It has recently been suggested that “libido disorder” – or sexual dysfunction in women is merely something the drug companies created to boost their sales. However, for the reported 43% of women suffering from sexual dysfunction, the symptoms and their accompanying consequences are very real, and not something most women want to talk about.
According to the Mayo Clinic, libido disorder is defined as “persistent, recurrent problems with sexual response or desire — that distress you or strain your relationship with your partner.” It can occur at any stage in life and can be ongoing or only happen once in a while. There are four types of “libido disorders”:
- Low Sexual Desire – diminished libido or lack of sex drive
- Sexual Arousal Disorder – the desire for sex is intact, however, becoming aroused or maintaining arousal during sexual activity is difficult
- Orgasmic Disorder – persistent or recurrent difficulty in achieving orgasm (despite adequate arousal)
- Sexual Pain Disorder – pain associated with sexual stimulation or contact
A recent article in the New York Times found that more and more women are reaching for over-the-counter solutions to their sexual problems. In the absence of a government approved female counterpart to men’s potency drugs such as Viagra and Cialis, women are left to fend for themselves with what’s readily available in the pharmacy and chain store aisles. The choices are limited at best.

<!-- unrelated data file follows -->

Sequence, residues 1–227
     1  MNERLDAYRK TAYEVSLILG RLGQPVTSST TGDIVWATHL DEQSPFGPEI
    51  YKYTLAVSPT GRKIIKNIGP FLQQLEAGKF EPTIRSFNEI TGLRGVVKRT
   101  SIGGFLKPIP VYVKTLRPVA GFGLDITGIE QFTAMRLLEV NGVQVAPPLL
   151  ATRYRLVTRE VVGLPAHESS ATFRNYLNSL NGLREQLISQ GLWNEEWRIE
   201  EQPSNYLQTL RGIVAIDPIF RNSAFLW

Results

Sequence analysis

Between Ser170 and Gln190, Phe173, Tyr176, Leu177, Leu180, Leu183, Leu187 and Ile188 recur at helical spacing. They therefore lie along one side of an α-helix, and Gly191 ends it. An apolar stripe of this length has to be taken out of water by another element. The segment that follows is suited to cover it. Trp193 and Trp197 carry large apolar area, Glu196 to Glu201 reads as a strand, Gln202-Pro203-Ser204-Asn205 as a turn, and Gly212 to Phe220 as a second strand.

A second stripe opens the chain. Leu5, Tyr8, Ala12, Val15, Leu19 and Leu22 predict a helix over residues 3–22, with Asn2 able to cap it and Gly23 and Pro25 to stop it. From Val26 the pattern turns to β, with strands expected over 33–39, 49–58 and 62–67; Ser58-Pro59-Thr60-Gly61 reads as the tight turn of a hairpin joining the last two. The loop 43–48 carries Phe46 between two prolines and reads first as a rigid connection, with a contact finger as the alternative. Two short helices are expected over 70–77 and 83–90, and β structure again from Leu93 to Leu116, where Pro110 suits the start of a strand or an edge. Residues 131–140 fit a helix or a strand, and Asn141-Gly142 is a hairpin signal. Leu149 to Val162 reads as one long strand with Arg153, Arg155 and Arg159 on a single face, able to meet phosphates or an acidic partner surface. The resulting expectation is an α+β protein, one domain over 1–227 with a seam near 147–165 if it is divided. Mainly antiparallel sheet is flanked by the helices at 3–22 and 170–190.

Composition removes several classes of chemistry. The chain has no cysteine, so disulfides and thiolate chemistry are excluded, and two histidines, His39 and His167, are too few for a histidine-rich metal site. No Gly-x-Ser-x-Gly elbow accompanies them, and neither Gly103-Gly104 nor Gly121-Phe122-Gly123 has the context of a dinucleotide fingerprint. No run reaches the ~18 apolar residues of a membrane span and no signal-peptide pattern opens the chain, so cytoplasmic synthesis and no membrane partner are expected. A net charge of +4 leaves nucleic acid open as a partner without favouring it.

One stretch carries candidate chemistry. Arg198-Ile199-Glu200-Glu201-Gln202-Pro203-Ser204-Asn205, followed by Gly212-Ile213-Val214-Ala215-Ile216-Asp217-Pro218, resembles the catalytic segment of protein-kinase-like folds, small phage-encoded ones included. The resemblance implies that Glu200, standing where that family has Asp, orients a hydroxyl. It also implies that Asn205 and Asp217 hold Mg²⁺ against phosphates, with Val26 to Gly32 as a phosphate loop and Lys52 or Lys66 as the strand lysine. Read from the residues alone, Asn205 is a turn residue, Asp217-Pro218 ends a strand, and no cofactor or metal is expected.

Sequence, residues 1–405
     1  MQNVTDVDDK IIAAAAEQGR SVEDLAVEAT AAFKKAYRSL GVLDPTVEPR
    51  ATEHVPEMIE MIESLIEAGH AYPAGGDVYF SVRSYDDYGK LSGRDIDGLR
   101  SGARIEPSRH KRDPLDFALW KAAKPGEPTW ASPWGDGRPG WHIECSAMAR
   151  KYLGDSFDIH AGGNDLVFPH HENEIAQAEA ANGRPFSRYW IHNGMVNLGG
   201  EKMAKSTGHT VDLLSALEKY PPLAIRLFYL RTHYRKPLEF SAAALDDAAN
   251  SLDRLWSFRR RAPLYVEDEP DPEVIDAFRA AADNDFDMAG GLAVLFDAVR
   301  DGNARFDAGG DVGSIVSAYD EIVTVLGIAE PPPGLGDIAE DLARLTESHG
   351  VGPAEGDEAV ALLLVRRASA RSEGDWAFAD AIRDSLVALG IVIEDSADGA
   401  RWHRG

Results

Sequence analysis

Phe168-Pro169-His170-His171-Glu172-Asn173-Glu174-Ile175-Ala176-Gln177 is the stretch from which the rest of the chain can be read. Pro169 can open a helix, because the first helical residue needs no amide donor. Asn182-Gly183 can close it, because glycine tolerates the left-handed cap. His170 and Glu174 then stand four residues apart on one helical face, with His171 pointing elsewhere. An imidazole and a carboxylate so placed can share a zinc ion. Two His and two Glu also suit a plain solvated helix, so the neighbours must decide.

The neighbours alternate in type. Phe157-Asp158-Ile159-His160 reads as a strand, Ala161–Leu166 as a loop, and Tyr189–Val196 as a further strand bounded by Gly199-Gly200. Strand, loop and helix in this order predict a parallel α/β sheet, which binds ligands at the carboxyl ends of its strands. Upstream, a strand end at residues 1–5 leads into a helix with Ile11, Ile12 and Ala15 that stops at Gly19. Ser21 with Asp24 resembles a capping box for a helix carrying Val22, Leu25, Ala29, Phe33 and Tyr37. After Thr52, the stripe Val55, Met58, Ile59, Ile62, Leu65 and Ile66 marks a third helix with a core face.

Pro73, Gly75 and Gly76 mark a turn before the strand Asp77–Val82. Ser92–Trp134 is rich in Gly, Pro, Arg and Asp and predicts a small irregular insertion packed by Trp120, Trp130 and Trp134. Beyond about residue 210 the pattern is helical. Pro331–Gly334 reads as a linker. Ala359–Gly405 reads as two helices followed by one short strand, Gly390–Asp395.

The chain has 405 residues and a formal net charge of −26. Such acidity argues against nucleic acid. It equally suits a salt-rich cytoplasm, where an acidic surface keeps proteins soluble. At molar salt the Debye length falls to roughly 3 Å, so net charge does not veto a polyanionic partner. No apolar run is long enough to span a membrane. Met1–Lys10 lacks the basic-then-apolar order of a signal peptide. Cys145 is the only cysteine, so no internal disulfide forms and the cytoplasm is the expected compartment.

A study released in the July 2013 issue of the journal Fertility and Sterility, found that pre-menopausal women who aren’t interested in sex and are unhappy about it have distinctive blood flow patterns in their brains in response to explicit videos, compared to women with normal sexual function. Researchers hope that a clearer understanding of physiological differences in these women will provide novel therapy approaches as well as a method to objectively assess therapies, said Michael P. Diamond, M.D., the study’s senior author at the Medical College of Georgia.
Female libido disorder continues to remain a controversial topic even as it became an official diagnosis in the recently released May 2013 edition of the DSM V (Diagnostic and Statistical Manual of Mental Disorders). The official diagnosis is “Female Sexual Interest/Arousal Disorder.”